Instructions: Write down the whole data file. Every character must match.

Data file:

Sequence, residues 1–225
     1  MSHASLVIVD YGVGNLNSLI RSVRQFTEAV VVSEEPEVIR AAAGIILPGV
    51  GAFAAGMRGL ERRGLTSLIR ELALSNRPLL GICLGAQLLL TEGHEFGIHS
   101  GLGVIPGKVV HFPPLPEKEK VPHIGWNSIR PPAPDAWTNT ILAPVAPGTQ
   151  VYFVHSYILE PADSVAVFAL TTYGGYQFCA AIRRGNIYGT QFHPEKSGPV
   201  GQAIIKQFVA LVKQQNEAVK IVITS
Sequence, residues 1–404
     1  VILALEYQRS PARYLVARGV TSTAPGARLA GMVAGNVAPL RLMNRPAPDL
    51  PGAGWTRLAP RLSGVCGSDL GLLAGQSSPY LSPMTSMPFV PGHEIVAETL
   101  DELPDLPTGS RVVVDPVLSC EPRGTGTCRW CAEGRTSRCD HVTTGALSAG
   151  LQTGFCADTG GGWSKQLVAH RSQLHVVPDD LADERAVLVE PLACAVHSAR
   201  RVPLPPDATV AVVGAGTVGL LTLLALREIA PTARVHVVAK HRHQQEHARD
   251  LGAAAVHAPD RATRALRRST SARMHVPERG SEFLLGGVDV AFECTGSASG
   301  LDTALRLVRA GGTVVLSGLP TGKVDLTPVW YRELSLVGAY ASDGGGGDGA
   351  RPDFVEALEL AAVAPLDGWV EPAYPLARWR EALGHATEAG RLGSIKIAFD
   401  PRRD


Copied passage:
Sequence, residues 1–225
     1  MSHASLVIVD YGVGNLNSLI RSVRQFTEAV VVSEEPEVIR AAAGIILPGV
    51  GAFAAGMRGL ERRGLTSLIR ELALSNRPLL GICLGAQLLL TEGHEFGIHS
   101  GLGVIPGKVV HFPPLPEKEK VPHIGWNSIR PPAPDAWTNT ILAPVAPGTQ
   151  VYFVHSYILE PADSVAVFAL TTYGGYQFCA AIRRGNIYGT QFHPEKSGPV
   201  GQAIIKQFVA LVKQQNEAVK IVITS
Sequence, residues 1–404
     1  VILALEYQRS PARYLVARGV TSTAPGARLA GMVAGNVAPL RLMNRPAPDL
    51  PGAGWTRLAP RLSGVCGSDL GLLAGQSSPY LSPMTSMPFV PGHEIVAETL
   101  DELPDLPTGS RVVVDPVLSC EPRGTGTCRW CAEGRTSRCD HVTTGALSAG
   151  LQTGFCADTG GGWSKQLVAH RSQLHVVPDD LADERAVLVE PLACAVHSAR
   201  RVPLPPDATV AVVGAGTVGL LTLLALREIA PTARVHVVAK HRHQQEHARD
   251  LGAAAVHAPD RATRALRRST SARMHVPERG SEFLLGGVDV AFECTGSASG
   301  LDTALRLVRA GGTVVLSGLP TGKVDLTPVW YRELSLVGAY ASDGGGGDGA
   351  RPDFVEALEL AAVAPLDGWV EPAYPLARWR EALGHATEAG RLGSIKIAFD
   401  PRRD